In the (long!) trail of ugly current events in DC public education, several recent expansions of rights for DC families deserve highlighting. Unlike so much of what education has become (at least here in DC), rights are not subject to statistical analysis nor can be represented by numbers or tests. Indeed, for American public education, rights are foundational.
Out of school suspensions
Despite opposition from both DCPS and the charter board, the Student Fair Access to School Amendment Act of 2018 was unanimously approved by the council. The law ensures that students are not out of school for long periods, by limiting out-of-school suspensions for students from kindergarten through 8th grade. To be sure, amendments watered down the original proposal—but it still represents a welcome change in course, given that suspensions are used disproportionately in DC’s publicly funded schools (not to mention the fact that the executive director of the charter board sees no reason to enforce the law regarding suspensions).
Indeed, one could say this law is a step toward changing the pedagogy of poverty for our city’s kids—where the experience of school for many poor children and their teachers is regimentation and severe curtailment of creativity and freedom.
(Oh, it’s not ME saying that! Hear what a DC charter school teacher testified last month about it before the city council’s education committee.)
The law also includes a bump up in at risk funding—too little, perhaps, to make a large difference, but sorely needed nonetheless to ensure the kids who need the most resources get some portion of it.
Special education funding
It has taken the better part of 5 years to get the Enhanced Special Education Services Act fully funded–despite advocates testifying for decades running about the poor treatment of DC children needing special education services.
Now that the law has been fully funded, we in DC should be proud: The FY19 funding ensures that a wider range of services for special education and early intervention are now available to DC families.
And yet, disincentives to provide those services still remain.
Our city’s ombudsman for public education, Joyanna Smith, shared with me that “schools are disincentivized to provide services after their staffing projections are complete. For example, if a student is evaluated and then determined eligible for specialized instruction and related services in the middle of the school year, services must be provided. The same principle applies to students who require a significant number of hours of services per an IEP [individualized education program], if a student enrolls in the middle of the school year. Even though supplemental funding may eventually track with the student, the school may be disincentivized to provide services for that student because they would have to fund staff and services right away. This may inform how and why a school may be disincentivized to evaluate or determine a child eligible for services especially if those services require more specialized staff. DCPS may be able to mitigate somewhat more than the charter sector because they may be able to provide services in other locations. However, smaller charter LEAs may be more disincentivized to evaluate or determine a child eligible for services because they do not have the scale that DCPS has in many cases.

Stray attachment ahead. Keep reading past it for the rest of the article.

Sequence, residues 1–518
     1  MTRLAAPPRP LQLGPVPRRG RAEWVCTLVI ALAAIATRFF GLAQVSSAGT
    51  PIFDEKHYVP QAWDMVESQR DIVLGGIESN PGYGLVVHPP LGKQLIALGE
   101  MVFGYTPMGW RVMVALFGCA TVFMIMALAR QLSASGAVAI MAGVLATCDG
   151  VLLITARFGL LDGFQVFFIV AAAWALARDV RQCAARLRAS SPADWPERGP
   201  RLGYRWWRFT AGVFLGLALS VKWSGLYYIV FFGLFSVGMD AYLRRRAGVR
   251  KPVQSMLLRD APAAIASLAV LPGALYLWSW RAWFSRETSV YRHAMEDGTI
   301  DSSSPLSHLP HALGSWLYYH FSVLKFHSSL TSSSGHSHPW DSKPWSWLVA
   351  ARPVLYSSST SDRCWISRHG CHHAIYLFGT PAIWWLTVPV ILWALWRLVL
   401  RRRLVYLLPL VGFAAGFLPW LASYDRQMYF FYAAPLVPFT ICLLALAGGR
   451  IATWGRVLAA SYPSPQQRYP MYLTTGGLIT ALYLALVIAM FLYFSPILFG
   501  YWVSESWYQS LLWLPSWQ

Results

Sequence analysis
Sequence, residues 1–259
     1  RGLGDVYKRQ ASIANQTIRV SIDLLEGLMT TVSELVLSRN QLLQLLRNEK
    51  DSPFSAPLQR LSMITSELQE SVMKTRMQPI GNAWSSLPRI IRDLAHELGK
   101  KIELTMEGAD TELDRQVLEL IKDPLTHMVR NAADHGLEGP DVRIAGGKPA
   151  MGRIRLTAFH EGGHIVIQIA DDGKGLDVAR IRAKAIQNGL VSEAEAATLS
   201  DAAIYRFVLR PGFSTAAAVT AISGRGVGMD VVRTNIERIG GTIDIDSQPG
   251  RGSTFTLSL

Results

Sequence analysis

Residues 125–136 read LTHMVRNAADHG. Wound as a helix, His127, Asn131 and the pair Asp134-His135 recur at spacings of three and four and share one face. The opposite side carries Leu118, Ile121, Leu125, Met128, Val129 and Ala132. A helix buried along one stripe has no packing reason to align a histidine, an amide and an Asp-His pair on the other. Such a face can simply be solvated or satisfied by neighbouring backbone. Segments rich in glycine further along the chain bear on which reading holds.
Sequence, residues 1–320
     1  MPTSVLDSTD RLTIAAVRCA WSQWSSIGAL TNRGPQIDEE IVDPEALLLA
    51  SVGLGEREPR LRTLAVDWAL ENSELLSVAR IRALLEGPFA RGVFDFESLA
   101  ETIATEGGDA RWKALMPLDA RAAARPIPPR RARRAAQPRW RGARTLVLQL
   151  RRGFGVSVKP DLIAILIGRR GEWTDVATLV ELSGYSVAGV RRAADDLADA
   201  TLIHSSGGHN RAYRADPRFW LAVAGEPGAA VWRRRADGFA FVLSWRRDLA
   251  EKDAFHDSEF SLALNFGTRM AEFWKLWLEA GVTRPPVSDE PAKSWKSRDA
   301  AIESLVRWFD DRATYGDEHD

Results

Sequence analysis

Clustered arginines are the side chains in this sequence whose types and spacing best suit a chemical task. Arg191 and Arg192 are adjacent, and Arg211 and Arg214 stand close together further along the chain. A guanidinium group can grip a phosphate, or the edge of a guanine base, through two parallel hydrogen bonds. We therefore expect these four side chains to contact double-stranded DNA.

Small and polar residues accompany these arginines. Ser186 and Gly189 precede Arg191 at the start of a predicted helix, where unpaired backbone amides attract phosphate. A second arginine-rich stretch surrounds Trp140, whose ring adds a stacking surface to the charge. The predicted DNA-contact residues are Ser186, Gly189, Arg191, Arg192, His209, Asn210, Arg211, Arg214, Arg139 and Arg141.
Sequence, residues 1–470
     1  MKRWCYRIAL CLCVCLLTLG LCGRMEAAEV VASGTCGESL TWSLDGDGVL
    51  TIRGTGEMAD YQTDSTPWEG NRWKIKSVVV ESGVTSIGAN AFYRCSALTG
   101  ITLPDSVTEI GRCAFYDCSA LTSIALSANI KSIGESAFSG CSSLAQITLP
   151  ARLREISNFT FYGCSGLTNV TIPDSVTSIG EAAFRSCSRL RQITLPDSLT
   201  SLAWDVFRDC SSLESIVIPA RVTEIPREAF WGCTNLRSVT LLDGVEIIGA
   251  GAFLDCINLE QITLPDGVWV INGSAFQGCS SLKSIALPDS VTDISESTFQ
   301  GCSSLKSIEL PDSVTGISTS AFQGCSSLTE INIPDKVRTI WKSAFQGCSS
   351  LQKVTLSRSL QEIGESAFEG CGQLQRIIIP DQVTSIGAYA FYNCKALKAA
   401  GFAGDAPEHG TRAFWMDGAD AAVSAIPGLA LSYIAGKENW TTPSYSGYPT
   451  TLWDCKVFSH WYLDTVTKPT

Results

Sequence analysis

“Additionally, schools may be incentivized to offer “fully inclusive” services even though a student may require services in a more restrictive educational setting. The more restrictive educational settings are more expensive in most cases because they usually require more intensive supports and interventions.”
(Hmm: sounds like a good reason to have a common enrollment system instead of a lottery system. You know–making sure students are enrolled and their progress tracked wherever they go, instead of prioritizing choice and school ratings. Just a thought.)
Due process for residency adjudication
Two recent lawsuits filed by a Duke Ellington high school parent, on behalf of other Ellington parents, do not so much expand rights as underscore the way in which those rights were violated by city officials–and provide a pathway to ensuring due process for other parents.
The ensuing decision was decisively made in favor of the parents. (Indeed, the judge appeared mystified that there could be any doubt that OSSE had violated the law and parents’ rights.)
Just this week, the Ellington parents filed another lawsuit, after OSSE appeared to again not comply with the law regarding its process of residency verification. This complaint also alleged that OSSE singled out the school for special treatment that it did not give to other publicly funded schools that OSSE also determined had residency issues.
Again, the judge ruled against OSSE.
(Hmm: Sense a pattern here?)
To be sure, if things keep going in this direction of we the little people, our city leaders may actually (gasp!) ensure that by right schools in every neighborhood are the foundation of all DC education policies–not just another choice.
(Yeah, it’s that radical thing called democracy, where citizens’ rights take priority over the choice of politically motivated groups locally or internationally to influence elections and policymakers for their own benefit.)